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Correcting spaceborne reflectivity measurements for application in solar ultraviolet radiation levels calculations at ground level

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Author(s): P. N. den Outer | A. van Dijk | H. Slaper | A. V. Lindfors | H. De Backer | A. F. Bais | U. Feister | T. Koskela | W. Josefsson

Journal: Atmospheric Measurement Techniques Discussions
ISSN 1867-8610

Volume: 5;
Issue: 1;
Start page: 61;
Date: 2012;
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ABSTRACT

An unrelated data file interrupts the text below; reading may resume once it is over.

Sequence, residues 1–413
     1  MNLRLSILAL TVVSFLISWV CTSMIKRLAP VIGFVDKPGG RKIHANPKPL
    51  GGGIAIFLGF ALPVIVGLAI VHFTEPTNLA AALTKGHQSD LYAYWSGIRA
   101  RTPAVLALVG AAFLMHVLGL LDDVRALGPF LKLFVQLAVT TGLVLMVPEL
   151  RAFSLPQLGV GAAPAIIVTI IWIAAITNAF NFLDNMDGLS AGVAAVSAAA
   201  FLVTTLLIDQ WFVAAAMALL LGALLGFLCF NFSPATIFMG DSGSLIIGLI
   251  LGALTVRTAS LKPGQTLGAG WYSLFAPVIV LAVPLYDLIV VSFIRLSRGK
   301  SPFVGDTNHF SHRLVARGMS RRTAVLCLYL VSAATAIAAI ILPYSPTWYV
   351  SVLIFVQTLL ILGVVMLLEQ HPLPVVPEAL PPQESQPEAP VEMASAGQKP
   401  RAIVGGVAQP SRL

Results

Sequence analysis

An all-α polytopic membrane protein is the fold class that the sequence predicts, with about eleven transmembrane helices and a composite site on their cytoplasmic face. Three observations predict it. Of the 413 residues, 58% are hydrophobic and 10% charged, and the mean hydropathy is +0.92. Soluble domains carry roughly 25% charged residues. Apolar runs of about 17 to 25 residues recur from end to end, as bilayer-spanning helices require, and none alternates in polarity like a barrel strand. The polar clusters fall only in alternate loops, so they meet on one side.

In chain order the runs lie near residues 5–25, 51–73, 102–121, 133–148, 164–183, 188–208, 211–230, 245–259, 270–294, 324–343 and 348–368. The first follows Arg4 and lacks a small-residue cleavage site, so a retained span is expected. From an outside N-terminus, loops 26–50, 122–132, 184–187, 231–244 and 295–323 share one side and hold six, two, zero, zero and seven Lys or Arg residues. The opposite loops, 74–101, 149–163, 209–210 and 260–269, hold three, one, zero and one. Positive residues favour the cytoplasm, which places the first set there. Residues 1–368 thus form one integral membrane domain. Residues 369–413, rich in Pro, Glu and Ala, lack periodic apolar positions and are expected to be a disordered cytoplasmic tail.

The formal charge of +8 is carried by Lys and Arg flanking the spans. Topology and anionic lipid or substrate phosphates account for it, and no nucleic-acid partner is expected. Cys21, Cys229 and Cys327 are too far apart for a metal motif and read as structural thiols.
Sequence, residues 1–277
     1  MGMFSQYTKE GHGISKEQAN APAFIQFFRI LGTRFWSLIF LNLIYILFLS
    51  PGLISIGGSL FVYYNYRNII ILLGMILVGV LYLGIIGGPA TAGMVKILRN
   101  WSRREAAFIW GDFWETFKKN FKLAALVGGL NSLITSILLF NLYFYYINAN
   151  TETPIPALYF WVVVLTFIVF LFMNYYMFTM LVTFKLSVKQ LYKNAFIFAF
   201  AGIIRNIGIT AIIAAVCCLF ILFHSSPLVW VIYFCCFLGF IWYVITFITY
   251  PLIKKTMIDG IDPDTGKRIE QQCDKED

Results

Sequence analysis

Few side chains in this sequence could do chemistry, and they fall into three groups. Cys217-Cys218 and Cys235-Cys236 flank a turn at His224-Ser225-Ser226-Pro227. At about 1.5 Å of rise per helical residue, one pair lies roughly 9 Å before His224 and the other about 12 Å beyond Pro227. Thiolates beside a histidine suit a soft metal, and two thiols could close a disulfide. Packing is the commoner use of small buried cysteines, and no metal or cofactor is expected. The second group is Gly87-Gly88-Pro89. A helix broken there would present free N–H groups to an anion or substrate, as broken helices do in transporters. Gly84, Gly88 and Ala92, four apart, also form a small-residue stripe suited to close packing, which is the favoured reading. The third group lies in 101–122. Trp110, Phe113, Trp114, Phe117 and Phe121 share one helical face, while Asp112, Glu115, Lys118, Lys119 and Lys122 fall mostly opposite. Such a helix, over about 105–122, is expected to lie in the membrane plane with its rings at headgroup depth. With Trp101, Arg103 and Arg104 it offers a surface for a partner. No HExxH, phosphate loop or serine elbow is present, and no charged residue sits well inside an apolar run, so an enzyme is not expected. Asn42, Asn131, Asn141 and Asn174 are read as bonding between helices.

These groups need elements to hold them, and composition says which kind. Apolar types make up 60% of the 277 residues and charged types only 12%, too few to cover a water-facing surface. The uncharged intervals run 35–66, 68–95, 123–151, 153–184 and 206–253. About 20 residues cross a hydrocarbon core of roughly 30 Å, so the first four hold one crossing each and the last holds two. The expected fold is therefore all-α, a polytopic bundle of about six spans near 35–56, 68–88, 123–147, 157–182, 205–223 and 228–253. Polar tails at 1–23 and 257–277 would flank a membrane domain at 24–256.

The Lambertian Equivalent Reflection (LER) produced by satellite-carried instruments is used to determine cloud effects on ground level UltraViolet (UV) radiation. The focus is on data use from consecutive operating instruments: the Total Ozone Mapping Spectrometers (TOMS) flown on Nimbus 7 from 1979 to 1992, TOMS on Earth Probe from 1996 to 2005, and the Ozone Monitoring Instrument (OMI) flown on Aura since 2004. The LER data produced by TOMS on Earth Probe is only included until 2002. The possibility to use the Radiative Cloud Fraction (RCF)-product of OMI is also investigated. A comparison is made with cloud effects inferred from ground-based pyranometer measurements at over 83 World Radiation Data Centre stations. Modelled UV irradiances utilizing LER data are compared with measurements of UV irradiances at eight European low elevation stations. The LER data set of the two TOMS instruments shows a consistent agreement, and the required corrections are of low percentage i.e. 2–3%. In contrast, the LER data of OMI requires correction of 7–10%, and a solar angle dependency therein is more pronounced. These corrections were inferred from a comparison with pyranometer data, and tested using the UV measurements. The RCF product of OMI requires a large correction but can then be implemented as a cloud effect proxy. However, a major drawback of RCF is the large number of clipped data, i.e. 18%, and results are not better than those obtained with the corrected LER product of OMI. The average reduction of UV radiation due to clouds for all sites together indicate a small trend: a diminishing cloudiness, in line with ground-based UV observations. Uncorrected implementation of LER would have indicated the opposite. An optimal field of view of 1.25° was established for LER data to calculate UV radiations levels. The corresponding area can be traversed within 5–7 h at the average wind speeds found for the West European continent.
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